For unapproved risk benefits, the insurer will pay the death benefit to the beneficiaries nominated by the member. Neither the employer nor the Trustees can override the member’s decision.


Approved Risk benefits

Unapproved Risk Benefits



If the cover is provided within a retirement fund (pension or provident fund), it is known as approved cover.


The policy holder is the retirement fund.

If the cover is provided under a separate or free-standing group risk policy, it is known as unapproved cover.


The policyholder is the employer or company on behalf of the eligible employees.


Employer – taxation   of premiums

Can claim tax deduction.

Can claim tax deduction.

Member – taxation of premiums

Members are not taxed on the premium.

Members pay fringe benefit tax on the premium.

Payment of benefit

Benefit is taxed prior to being paid to      the member’s beneficiaries.

No tax is paid when the benefit is paid to the member’s beneficiaries.

Payment of benefit

In terms of Section 37C of the Pension     Funds Act,  the Trustees of the retirement fund have  a  duty to  distribute  the death  benefit  in  the  most  fair and   equitable way to the beneficiaries and dependants of the deceased member, at the date of distribution/payment of the benefit.


The member must complete a beneficiary nomination form and updated it to account for life changing events. This form will be used to assist the Trustees in making the distribution decision.

The insurer will pay the death benefit to the beneficiaries nominated by the member. Neither the employer nor the Trustees of the Fund can decide who the benefit will be paid to.


Members who are covered under this arrangement need to complete new beneficiary nomination forms when there are changes in their life, to ensure that dependants who count on them for financial support are paid a share of this benefit.


If a member has not completed a beneficiary nomination form, the benefit will be paid to the member’s deceased estate.

Employee Benefits Umbrella Fund Infographic

Tax on Retirement

The lump sum is taxed upon retirement using special tax rates, as indicated below:

Taxable income from lump sum benefits

Rates of tax

1 – 500 000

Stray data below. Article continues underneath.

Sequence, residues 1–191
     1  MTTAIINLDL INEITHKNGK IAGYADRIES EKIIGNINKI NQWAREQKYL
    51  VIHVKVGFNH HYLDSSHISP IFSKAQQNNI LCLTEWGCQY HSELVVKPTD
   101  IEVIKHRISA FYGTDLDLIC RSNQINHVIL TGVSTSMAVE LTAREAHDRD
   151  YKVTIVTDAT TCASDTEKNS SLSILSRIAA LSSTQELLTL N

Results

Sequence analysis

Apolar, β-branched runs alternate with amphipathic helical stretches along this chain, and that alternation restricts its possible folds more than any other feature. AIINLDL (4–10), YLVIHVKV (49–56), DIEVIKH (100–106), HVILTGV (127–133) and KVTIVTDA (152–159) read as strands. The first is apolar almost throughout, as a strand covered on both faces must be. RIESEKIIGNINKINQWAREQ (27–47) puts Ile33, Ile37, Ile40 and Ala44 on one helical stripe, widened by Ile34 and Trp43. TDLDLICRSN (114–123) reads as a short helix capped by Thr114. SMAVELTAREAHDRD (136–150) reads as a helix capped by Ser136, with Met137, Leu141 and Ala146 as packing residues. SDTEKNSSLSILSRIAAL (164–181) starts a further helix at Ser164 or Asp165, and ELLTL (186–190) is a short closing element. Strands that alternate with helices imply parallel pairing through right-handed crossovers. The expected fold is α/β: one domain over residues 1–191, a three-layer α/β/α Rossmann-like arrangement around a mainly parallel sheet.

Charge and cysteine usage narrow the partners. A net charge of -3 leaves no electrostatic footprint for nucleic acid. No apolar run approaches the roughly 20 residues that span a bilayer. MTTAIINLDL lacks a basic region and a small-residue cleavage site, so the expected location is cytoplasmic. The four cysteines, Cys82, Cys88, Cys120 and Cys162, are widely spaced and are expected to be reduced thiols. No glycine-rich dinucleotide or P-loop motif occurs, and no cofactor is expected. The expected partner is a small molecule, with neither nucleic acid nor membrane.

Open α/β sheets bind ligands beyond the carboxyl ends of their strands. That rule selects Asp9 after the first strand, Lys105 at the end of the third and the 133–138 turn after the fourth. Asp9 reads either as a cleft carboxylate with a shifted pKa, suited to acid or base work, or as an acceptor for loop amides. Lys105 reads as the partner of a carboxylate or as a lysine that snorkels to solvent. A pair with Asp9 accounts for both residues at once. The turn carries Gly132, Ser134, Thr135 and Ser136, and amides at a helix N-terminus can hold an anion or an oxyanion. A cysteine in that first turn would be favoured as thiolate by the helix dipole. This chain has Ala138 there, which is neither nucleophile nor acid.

0% of taxable income

500 001 – 700 000

18% of taxable income above 500 000

700 001 – 1 050 000

36 000 + 27% of taxable income above 700 000

1 050 001 and above

130 500 + 36% of taxable income above 1 050 000


X received a lump sum of R682 000 from the ABC Pension Fund, and had received no previous lumps sums prior to this. Over many years, the total contributions which did not previously rank for deduction or qualify for exemption in X’s hands amounted to R50 000. Calculate the normal tax payable on this lump sum.


The gross lump sum on which normal tax will be calculated amounts to R682 000 less R50 000, which equals R632 000. R632 000 falls within the taxable income bracket of R500 001 to R700 000. The normal tax is therefore 18% of the taxable income above R500 000. Thus:

Normal Tax
= 18% of (R632 000 – R500 000)
= 18% of R132 000
= R23 760

The normal tax on the lump sum of R682 000 therefore amounts to R23 760, and the net lump sum after tax (“cash in pocket”) would equal R658 240.


Tax on Retrenchment

How do I benefit?

When you are retrenched, your employer may pay you a lump sum for the termination of your services, and this lump sum may qualify as a severance benefit. From 1 March 2011, special tax rates applicable to severance benefits were implemented, where the first R315,000 of the severance benefit was not subject to tax. From 1 March 2014, the first R500,000 is not subject to tax. The R315,000 and R500,000, whichever is applicable, could however be reduced because of various lump sums or severance benefits having been received in the past.

Top Tip: Leave pay and pro-rata bonuses that are paid at the time of the termination of employment do not form part of a severance benefit and are subject to tax at normal rates applicable to individuals.


How do I declare the lump sum payment?

Your employer must submit a tax directive application to SARS before the lump sum amount is paid to you.

Your employer will apply for a tax directive by filling in an IRP3(a) form,  and sending it to SARS. Upon receipt of this form, SARS will work out the correct amount of employees’ tax that your employer must withhold on the severance benefit, and you will receive that benefit net of tax from your employer. Your employer will issue you with an IRP5 tax certificate reflecting the gross amount of the benefit and the employees’ tax that was deducted. You will need to declare this in your annual income tax return.

Tax on Pre-retirement Resign/Withdrawal

The first R25 000 of a pre-retirement lump sum withdrawal remains

tax-free. The table below illustrates how withdrawal lump sums will

be taxed:

Taxable lump sum (R) Rate of tax (R)

0 – R25 000 0% of taxable income

R25 001 – R660 000 18% of taxable income above R25 000

R660 001 – R990 000 R114 300 + 27% of taxable income above R660 000

R990 001 and above R203 400 + 36% of taxable income above R990 000

Where to find FinTip

YouTube Videos